In the world of mental health, amateur diagnosis runs rampant. We often use terms unwittingly to describe emotional ups and downs, even if they are supposed to be reserved for very real mental health issues – and in doing so, we blur the lines between relatively “normal” difficulties and real, diagnosable mental illnesses.
On the other side of this same coin, our overuse of the terms can also minimize how seriously we take true mental illness when it is professionally diagnosed. And similarly, can cause many, many people to go undiagnosed altogether.
Now – it was extremely important to get that clarification out of the way, to establish the (sometimes murky) distinction between the terms we commonly use and the mental health problems that bear the same names.
Above all, you should seek professional diagnosis if you worry that you or your spouse is suffering from some form of mental illness.
Today, we’re looking at one of the most commonly overused terms – that’s also one of the mostly commonly undiagnosed issues: Bipolar Disorder.
If you’re concerned that your spouse may be bipolar, examining these symptoms can help you decide if you need to seek further help. Again, the expertise of a professional is always paramount here. This is not meant to determine whether or not your spouse has a mental health condition, but rather to help you understand if you need to explore it further.
Here are 10 symptoms you can be on the lookout for:
1. Incomplete Tasks
People with Bipolar Disorder struggle between bouts of high energy and bouts of low energy, and this is manifested in incomplete projects at home, at work, or otherwise. These projects are begun with enthusiasm during a manic state, and abandoned as worthless or too difficult during a depressive state.
2. Speed Talking
In a manic state, it can feel like the mind is running totally amok. In attempts to vocalize these feelings, bipolar people can end up tripping over their words, trying to speak as quickly as the thoughts are racing in, and end up almost incomprehensible to the listener.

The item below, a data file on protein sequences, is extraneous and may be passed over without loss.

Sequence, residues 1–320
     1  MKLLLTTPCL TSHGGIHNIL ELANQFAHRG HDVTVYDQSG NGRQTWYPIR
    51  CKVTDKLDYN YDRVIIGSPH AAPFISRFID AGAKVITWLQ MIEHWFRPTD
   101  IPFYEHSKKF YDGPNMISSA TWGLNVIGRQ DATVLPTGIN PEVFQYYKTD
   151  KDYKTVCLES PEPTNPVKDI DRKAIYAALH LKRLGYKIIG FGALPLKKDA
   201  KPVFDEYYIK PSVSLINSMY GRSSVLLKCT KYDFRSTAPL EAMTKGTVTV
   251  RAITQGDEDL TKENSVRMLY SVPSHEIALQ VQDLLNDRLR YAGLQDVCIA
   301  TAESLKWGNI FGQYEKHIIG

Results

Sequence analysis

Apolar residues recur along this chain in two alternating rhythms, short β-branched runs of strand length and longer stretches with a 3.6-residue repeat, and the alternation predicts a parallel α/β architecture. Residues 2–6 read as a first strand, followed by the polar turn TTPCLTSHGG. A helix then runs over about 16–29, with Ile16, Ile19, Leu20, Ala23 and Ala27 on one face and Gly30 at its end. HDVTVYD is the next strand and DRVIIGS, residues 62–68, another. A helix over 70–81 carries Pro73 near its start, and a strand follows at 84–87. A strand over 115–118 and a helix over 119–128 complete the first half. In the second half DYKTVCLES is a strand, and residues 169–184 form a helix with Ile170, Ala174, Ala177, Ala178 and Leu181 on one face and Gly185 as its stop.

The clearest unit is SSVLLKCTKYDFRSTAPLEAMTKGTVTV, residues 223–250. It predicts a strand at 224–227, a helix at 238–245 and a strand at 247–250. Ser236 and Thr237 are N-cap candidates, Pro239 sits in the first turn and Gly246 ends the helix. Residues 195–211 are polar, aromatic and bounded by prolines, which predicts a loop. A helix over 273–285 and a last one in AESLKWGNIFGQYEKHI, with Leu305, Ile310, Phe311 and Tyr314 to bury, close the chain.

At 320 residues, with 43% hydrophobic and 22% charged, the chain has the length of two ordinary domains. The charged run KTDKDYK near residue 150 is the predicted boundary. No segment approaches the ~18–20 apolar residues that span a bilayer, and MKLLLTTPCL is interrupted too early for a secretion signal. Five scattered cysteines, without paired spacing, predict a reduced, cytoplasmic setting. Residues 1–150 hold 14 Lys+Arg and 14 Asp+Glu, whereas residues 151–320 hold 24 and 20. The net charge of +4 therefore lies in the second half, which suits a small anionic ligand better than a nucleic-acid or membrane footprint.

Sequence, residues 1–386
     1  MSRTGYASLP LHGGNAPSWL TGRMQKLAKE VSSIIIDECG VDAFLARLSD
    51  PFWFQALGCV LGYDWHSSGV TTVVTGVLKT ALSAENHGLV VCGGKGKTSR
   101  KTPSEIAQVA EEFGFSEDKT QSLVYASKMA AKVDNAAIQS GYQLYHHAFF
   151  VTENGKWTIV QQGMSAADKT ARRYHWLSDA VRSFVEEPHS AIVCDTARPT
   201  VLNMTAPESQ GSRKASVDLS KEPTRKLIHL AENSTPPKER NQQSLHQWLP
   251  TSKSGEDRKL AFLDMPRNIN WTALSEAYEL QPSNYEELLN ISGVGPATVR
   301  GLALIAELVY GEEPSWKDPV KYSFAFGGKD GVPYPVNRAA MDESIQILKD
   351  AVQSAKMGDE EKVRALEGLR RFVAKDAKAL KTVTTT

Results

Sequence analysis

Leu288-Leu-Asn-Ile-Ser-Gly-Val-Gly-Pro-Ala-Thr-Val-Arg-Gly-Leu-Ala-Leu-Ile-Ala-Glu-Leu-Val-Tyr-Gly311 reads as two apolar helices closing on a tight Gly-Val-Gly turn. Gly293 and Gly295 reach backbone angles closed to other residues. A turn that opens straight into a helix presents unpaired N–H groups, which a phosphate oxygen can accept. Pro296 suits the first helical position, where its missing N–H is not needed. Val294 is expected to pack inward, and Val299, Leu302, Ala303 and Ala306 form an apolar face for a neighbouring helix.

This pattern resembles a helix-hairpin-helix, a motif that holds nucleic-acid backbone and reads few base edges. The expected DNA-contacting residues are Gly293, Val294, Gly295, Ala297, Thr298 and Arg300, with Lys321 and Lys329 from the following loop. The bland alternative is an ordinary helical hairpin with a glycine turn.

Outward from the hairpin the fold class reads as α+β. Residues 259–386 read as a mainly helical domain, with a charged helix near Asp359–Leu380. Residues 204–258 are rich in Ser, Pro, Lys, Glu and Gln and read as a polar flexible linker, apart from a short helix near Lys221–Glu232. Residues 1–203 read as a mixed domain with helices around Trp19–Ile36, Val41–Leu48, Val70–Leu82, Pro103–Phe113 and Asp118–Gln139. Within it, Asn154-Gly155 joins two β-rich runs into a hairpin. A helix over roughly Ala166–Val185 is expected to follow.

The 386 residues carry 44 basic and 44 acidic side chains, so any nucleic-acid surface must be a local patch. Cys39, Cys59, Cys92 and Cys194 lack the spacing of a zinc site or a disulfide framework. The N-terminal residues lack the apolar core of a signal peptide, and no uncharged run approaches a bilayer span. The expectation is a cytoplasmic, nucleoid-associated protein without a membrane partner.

3. Alcohol/Drug Abuse
Nearly 50% of diagnosed sufferers of Bipolar Disorder also struggle with substance abuse of some kind. It is often linked to escapist behavior, as a bipolar person may seek drugs or alcohol to help calm spells of mania or to escape bouts of depression. In most cases, it’s an attempt at self-medicating.
This “up” side of Bipolar Disorder can actually be enjoyable for many people, because it generally involves feelings of excitement and euphoria without the distress of other manic symptoms. It’s only when you see other, drastically unhappier states that you can recognize hypomania as an indicator of a problem.
The opposite end of hypomania, depression in Bipolar Disorder is like “regular” depression – lack of appetite, lethargy, sadness without a specific cause, etc. – and can have the same devastating effects on work, relationships, and even physical health.
Somewhere between a manic state and a depressed state, people suffering from Bipolar Disorder can be extremely irritable. It’s like the sensations of depression, but with the energy of mania. This makes them extremely edgy with little room for relief.
7. Problems at Work
The drastic emotional ups and downs cause difficulty in all aspects of life, including the workplace. Since most jobs don’t really have the flexibility to change expectations with an employee’s mental or emotional state, Bipolar Disorder may lead to unmet deadlines, unfinished projects, even issues with customers or coworkers – especially if other employees/supervisors are unaware of the condition.
8. Sleeping Issues
Both sides of Bipolar Disorder can cause problems with sleep. Manic states can make sleep extremely difficult, and depressive states can lead to wanting to sleep all the time. Neither is healthy.
9. Erratic Behavior
Manic phases can lead to a distorted sense of consequence, making people behave erratically without considering the outcome. Similarly, deep depression can make things feel meaningless – which may also lead to destructive behavior.
10. “Flight of Ideas”
Because of the rapid thoughts that come with states of mania, Bipolar Disorder can also cause people to feel like they can’t even grasp the ideas that are forming – simply because there are too many, moving much to quickly. It feels like they can’t think straight, and the resulting anxiety only makes the problem worse.
If these symptoms sound familiar – if they seem to describe problems your spouse struggles with – it might be time to talk to your doctor or pursue other professional help. Bipolar Disorder can be extremely difficult to live with, but proper diagnosis, medication, and some lifestyle management, it doesn’t have to create a rift in your marriage or be a tremendous burden on your spouse’s life.
Millions of people across the world have been diagnosed, and are now finding a happier, more stable life through various forms of treatment.
If Bipolar Disorder may be affecting your marriage – seek help today!